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The electricity and gas crisis is at its peak. Reason enough for the German federal government to now take drastic measures to cushion the impact of the geostrategic conflict. On 29 September 2022, the government presented an energy aid package worth €200 billion. German Chancellor Olaf Scholz spoke of a ‘double whammy’, while German Finance Minister Christian Lindner referred to an ‘energy war for prosperity and freedom’. This €200 billion is now supposed to remedy the situation. And the controversial gas levy? Gone. This blog post will explain what this astronomical energy aid package covers.

# What is the €200 billion actually for?

On 29 September 2022, the German federal government announced that the package will be financed by the Economic Stabilisation Fund (ESF), which was originally set up to cushion the economic and social impact of the Covid-19 pandemic on the economy. Although the ESF officially expired in the summer, it will now be provided with an additional €200 billion worth of funding. The defensive shield includes the following measures:

1. Expand supply, reduce consumption:

According to the paper, expanding the energy supply and reducing consumption should cause gas prices to fall again. This will mainly be achieved by accelerating the expansion of renewable energies and exploiting its potential (especially in the area of offshore wind farms), coal-fired power generation, constructing liquefied natural gas terminals (LNG terminals) and continuing to keep all three of the country’s nuclear power plants running until April 2023. The concrete measures already taken include regulations to reduce energy consumption (we took a deeper look at this in our last blog post), the introduction of a balancing energy product, the launch of a comprehensive energy saving campaign and measures to save energy and increase energy efficiency.

2. Electricity price cap:

‘Basic consumption’ is to be subsidised for both consumers and traders. The old market prices will then apply for electricity consumed beyond this basic consumption amount. This will relieve the financial burden on consumers while simultaneously encouraging them to reduce their consumption. The electricity price cap will be financed by the ‘very strong windfall profits’ currently generated by ‘non-gas power plants’.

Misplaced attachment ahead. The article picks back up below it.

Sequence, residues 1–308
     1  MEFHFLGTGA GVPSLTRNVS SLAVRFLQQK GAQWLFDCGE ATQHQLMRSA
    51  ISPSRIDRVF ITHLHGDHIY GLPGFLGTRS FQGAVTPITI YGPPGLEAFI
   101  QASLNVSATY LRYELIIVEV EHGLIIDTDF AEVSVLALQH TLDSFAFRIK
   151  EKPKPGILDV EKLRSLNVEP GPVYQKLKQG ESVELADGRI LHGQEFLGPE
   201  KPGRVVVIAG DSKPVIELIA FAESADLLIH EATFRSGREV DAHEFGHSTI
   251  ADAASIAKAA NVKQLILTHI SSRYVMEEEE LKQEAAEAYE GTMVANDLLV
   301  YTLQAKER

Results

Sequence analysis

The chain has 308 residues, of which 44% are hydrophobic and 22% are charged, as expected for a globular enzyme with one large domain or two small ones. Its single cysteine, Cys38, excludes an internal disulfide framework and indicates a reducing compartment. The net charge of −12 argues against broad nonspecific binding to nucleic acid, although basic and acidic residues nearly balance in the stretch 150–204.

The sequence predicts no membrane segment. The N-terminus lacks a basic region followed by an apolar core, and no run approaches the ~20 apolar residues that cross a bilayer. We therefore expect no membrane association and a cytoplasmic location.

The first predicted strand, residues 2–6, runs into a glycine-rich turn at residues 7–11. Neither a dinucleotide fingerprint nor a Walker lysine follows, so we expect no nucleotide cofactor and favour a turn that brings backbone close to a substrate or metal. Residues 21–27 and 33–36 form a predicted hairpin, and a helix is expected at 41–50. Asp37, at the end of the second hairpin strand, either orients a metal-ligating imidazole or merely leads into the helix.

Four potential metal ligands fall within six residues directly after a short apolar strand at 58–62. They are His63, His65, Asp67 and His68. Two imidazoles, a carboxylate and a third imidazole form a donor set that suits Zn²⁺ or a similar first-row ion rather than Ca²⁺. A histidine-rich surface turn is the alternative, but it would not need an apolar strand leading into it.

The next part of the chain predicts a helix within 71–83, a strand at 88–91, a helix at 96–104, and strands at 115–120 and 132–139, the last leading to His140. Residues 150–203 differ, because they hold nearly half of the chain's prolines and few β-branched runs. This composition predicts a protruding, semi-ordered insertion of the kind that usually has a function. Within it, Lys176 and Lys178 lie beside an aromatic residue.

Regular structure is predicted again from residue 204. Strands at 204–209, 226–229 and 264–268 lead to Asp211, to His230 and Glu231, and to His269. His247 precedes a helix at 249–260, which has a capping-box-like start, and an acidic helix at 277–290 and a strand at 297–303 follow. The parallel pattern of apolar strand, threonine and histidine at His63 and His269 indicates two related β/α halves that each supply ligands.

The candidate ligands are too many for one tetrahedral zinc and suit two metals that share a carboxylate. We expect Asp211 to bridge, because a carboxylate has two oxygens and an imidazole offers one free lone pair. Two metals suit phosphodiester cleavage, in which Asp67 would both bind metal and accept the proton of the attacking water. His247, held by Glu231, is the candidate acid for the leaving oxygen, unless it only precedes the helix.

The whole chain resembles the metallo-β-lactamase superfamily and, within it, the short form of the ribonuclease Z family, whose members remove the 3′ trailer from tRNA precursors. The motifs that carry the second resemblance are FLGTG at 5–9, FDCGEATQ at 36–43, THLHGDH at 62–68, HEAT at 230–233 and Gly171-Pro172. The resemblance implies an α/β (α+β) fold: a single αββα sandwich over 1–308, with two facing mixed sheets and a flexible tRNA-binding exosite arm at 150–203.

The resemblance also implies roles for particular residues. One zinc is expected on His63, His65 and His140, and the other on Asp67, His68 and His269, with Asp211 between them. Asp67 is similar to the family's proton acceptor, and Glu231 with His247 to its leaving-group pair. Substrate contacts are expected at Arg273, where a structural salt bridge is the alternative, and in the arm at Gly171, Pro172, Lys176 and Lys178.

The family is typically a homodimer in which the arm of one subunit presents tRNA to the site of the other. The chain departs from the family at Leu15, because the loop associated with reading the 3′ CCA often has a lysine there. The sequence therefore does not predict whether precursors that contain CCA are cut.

3. Gas price cap:

The gas price cap is intended to cushion the financial burden that households and businesses face during high-price phases. On 10 October 2022, the German government’s Expert Commission on Gas and Heating (Expertenkommission Gas und Wärme), which is composed of industry and trade unions representatives, scientists and legislators, presented an initial proposal to introduce a two-tier system. The tier concept only applies to ‘SLP’ customers (standard load profile, private households and small and medium-sized enterprises (SMEs)) and comprises the following core contents:

  • Tier 1 (one-off payments): The Commission’s proposal states that gas customers will receive a one-off payment in December 2022 based on the consumption used to calculate the instalment payment for September 2022. This one-off payment will act as a financial bridge until the gas price cap is introduced across the board.
  • Tier 2 (gas and heating price cap): From March 2023 to April 2024, private households and SMEs would pay €0.12 per kilowatt hour for the first 80 per cent of the previous year’s consumption. Customers would have to pay the standard market rates on excess gas and heating consumed above this amount.
  • Regulation for industrial consumers: From January 2023, large industrial companies would pay a fixed rate of €0.07 per kilowatt hour for the first 70 per cent of their gas bill for 16 months.
4. Reactivation and reorientation of the Economic Stabilisation Fund:

The use of the ESF and its additional borrowing power of €200 billion will be limited to the following:

  • Financing the gas price cap outlined above
  • Providing liquidity and subsidies for the electricity price cap, in addition to levying the windfall profits of electricity producers